SOLS:2012.22 The Power of A Bike

My childhood home sat on top of a small hill…not even sure if you could call it a hill. At the bottom of the hill ran a small creek that ran through the neighborhood. That creek brought many hours of pleasure. One could spend hours floating toy boats down the stream or catching a jar full of tadpoles. You could also be startled by a snake slithering by.  Although it would dry up occasionally during the summer it could also flood the front yard. The creek was wide and deep enough that everyone had small bridges for crossing…bridges made of wood or different kind of stones or bricks. Ours was made of stone with uneven edges. That stone bridge with uneven edges played an important part in my bike riding experiences as a child.

A bike is a ticket to freedom especially as a kid. It gets you to people and places fast. When you first are learning to ride a 26″ inch bike you feel wobbly. Imagine beginning your ride at the top of a small hill on a bike that is almost your height and on a gravel drive. Imagine a uneven stone bridge waiting for you at the bottom of that small hill. You can pick up some speed going down a hill, no matter how small it is. Let’s just say there were many trips to the ER to get my forehead stitched up. I still can find the “battle wounds” on my body when I look closely enough. I did finally conquer the hill, the gravel drive, and the stone bridge. The victory might have been slow in coming but what a great resource I can use in Reading Workshop. That’s another day’s story.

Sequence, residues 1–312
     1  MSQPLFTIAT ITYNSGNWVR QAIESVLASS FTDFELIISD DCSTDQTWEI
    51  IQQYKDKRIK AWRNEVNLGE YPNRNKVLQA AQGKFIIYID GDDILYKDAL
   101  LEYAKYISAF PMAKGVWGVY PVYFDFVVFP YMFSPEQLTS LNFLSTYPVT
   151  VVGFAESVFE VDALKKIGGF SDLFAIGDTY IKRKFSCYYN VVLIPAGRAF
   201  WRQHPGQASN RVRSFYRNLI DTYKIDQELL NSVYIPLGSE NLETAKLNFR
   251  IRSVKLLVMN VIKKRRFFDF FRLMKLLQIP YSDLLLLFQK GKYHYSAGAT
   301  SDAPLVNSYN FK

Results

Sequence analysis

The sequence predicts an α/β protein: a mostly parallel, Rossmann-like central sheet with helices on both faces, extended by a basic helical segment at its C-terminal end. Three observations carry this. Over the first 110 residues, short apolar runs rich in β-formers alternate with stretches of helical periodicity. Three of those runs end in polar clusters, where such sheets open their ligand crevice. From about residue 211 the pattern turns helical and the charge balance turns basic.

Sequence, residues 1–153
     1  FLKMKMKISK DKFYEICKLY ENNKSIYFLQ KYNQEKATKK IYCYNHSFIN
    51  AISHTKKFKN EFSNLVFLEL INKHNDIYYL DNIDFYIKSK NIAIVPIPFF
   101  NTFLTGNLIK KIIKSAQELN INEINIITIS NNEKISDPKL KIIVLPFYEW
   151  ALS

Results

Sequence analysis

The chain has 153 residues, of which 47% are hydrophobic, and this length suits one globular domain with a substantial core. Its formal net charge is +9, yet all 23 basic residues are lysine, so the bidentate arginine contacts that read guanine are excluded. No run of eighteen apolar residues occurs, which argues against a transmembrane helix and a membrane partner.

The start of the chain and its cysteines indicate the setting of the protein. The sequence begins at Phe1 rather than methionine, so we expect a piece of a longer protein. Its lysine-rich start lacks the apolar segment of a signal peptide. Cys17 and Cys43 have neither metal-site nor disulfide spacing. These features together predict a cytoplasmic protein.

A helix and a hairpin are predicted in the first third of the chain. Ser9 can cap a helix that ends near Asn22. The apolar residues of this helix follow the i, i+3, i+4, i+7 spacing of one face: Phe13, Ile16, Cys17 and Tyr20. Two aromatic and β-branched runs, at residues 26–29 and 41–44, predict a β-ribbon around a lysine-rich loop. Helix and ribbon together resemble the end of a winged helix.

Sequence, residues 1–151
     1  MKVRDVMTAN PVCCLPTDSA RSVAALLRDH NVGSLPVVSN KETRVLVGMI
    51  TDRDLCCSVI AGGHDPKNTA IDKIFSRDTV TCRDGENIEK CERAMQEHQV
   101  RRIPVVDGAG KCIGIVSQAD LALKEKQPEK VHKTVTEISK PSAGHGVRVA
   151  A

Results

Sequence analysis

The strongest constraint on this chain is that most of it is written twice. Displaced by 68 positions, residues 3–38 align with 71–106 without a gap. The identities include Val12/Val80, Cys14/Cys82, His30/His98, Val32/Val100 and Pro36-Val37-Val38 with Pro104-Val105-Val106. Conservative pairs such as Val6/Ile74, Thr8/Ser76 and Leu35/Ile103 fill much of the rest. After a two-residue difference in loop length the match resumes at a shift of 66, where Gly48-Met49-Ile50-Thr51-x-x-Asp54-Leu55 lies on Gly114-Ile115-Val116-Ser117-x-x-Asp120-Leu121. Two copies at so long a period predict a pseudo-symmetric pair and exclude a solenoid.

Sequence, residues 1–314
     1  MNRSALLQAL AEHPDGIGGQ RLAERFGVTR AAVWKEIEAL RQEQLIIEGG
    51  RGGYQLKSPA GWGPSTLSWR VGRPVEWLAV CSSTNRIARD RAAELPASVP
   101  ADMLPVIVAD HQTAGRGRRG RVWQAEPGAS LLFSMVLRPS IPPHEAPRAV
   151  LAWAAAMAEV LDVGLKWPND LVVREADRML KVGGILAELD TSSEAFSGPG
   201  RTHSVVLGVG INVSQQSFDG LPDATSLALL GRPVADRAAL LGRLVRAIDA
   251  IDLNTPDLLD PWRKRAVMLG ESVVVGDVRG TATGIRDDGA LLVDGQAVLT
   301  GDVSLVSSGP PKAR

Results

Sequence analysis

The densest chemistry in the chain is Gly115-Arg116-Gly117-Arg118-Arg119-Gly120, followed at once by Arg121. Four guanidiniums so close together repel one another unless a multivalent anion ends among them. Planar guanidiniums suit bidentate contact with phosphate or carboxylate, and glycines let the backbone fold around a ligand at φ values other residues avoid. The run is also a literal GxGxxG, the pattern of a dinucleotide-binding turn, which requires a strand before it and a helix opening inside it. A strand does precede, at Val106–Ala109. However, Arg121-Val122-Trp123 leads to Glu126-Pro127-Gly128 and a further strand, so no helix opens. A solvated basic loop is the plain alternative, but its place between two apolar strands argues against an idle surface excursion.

The Bicycle Man is one of my favorite Allen Say's titles. The power of a bicycle...bringing two cultures and generations together.

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3 Responses to SOLS:2012.22 The Power of A Bike

  1. Loved all the words pictues in this post, Deb! What wonderful childhood memories. I wish kids today had the joy of those types of experiences. Thanks for sharing!

  2. Tam says:

    I bet your students would love hearing your bicycle stories. Then you could them some of your scars, too. One cool teacher!

  3. aruddteacher100 says:

    Yes, my younger brother and I both have battle wounds from learning to ride out bikes…lotsa stories there. I connected with you in another way-we lived at the top of the small hill as well and with the driveway being peaking at the high point. We used to fly down the drive, into the road and go even faster down down it! Bikes, skateboards, rollerskates, green machines any mode of transportation going down the hill…what a time! Thanks for sparking the memories of childhood fun!

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